Savanna Bradley's "Chronicle of a Plant Foretold" was inspired by the Drew family diaries.

Savanna Bradley's "Chronicle of a Plant Foretold" was inspired by the Drew family diaries.

Diaries inspire artists in Pratt Museum exhibit

Among cultural institutions in Homer, the Pratt Museum has pioneered a unique spot. As a museum of natural history, history, culture and art, its exhibits often connect those aspects of the Pratt’s collections. “Inspired by Diaries,” on exhibit through Dec. 29, asked artists to create works in contemplation of diaries and journals in the museum’s collection or those of the artists. The show also bridges literary heritage and visual art.

“This exhibit was a great way to engage history and storytelling, way to interpret and think about the value of storytelling and storykeeping,” said Scott Bartlett, Pratt Museum curator of collections.

To get artists started, the museum held a workshop in early September where artists could look at the Pratt’s collection of journals and diaries. Its collection includes diaries from several pioneer Kachemak Bay settlers, such as the Elizabeth and Bob Smith family, who lived at Aurora Lagoon in Kachemak Bay. Works cover the era from the early 1930s to the early 1980s, with such treasures as former Homer Mayor Hazel Heath’s European travel journal. Many of the diaries cover practical matters like recordings of weather or animals caught that day.

Jesse Merriam’s “In the Garden,” made from a potato print, walnut ink and colored pencil, is a fanciful illustration of an entry from Elizabeth Smith’s diary entry for May 15, 1931: “Spaded garden; nasty day; found skull.”

Another garden diary piece, Savanna Bradley’s “Chronicle of a Plant Foretold,” uses copies of Joseph Drew’s 5-year diary entries as the backdrop to illustrations of those activities. In blocks of the same date over five years he logged information on weather, plantings, harvests and daily activities.

“It is interesting to see how, over a 5-year period, similar activities would take place within a few days or weeks of the previous years, an ongoing cycle of routine,” Bradley writes in her artist’s statement.

One work is an actual historical artifact, Jan Knutson’s “Wedding Blessings,” an installation piece that is a string of prayer flags in which guests wrote down thoughts on her marriage to her husband, Ed Hutchinson.

“It’s a different take on the diary as recording,” Bartlett said.

Two artists, Michael Murray and Jo Going, keep diaries in visual forms, especially when traveling. Murray’s watercolor, “Tinning,” shows a Bulgarian man making a copper pot and includes the very pot he made. Going’s “Una Gitta Alla Toscana” is a multi-page pen and ink illustration of villages and landscapes she saw on a trip to Italy. She took a different approach to the show, though, and wrote a poem to go with her illustration.

“Rather than produce the art based on the writing, she produced the writing based on the art,” Bartlett said.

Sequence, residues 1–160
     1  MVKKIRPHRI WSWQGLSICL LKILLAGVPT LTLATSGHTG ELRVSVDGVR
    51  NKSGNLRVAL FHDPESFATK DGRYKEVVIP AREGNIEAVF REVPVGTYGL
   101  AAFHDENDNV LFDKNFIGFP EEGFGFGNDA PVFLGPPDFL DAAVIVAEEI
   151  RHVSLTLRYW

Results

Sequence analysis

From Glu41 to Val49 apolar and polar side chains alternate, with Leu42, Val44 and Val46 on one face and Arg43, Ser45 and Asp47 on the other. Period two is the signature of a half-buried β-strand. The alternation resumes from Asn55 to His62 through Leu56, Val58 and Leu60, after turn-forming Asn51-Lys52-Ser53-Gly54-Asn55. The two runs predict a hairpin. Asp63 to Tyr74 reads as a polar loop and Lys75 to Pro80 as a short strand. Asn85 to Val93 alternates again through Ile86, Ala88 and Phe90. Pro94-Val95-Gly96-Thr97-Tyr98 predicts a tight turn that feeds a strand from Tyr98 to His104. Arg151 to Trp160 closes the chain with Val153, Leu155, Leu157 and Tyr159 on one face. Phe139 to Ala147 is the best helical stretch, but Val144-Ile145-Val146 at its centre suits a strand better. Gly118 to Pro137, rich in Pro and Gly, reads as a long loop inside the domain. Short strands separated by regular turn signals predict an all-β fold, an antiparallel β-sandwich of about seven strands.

Several artists looked to family history for inspiration. Mary Bee Kaufman, another Homer watercolor artist, created a sculpture of several screens with collages of paintings. Kaufman used her father, James W. Bee’s, Arctic journals as inspiration. “A classic 1950s museum curator, collector, taxonomist and writer,” as Kaufman describes him, his journals are shown along with her work. Bee’s handwriting is precise and his field sketches are extraordinary. In her artist’s statement, Kaufman notes that every evening after a day of field work her father would rewrite his work notes onto archival paper.

“In beautiful, meticulous and artful cursive, field notes of the day’s activities were interpreted, replete with detailed observations that were chronologically annotated,” Kaufman writes.

Artist and teacher Lynn Marie Naden went to a basic text for the source of her work: the 1943 ledgers of her grandmother, Ladia Naden’s, peache orchard, Naden Ranch, in Clovis, Calif. The installation includes the ledger, a photograph of Ladie Naden and embroidery done by Naden using her grandmother’s embroidery hoop, needles, thimble, even some of her thread. Naden learned embroidery from both grandparents.

“I wanted it to be something more personal,” Naden said of her work. “As I was embroidering, it just brought me closer to her. Every stitch, it was like a memory.”

The embroidery shows a peach tree with branches, flowers and roots. Hanging from threads are several beads, also from Ladia Naden, showing the boxes of fruit packed for that year. Farmers didn’t keep diaries; they kept ledgers, she said.

“It was a real tenuous year for my family,” Naden said. “It was during the war time and just after the Depression. They were just scraping by. … They accounted for everything.”

Naden said the idea of stringing beads also was inspired by a piece from the Pratt’s Exploring People and Place exhibit, Dena’ina counting cords. Knotted pieces of sinew, Bartlett said the cords were used to chronicle events.

“It was their diary, their counter,” Naden said. “That has always fascinated me.”

Other works in the exhibit include paintings by Eve Remme, Mae Remme and Ed Hutchinson.

Michael Armstrong can be reached at michael.armstrong@homernews.com.

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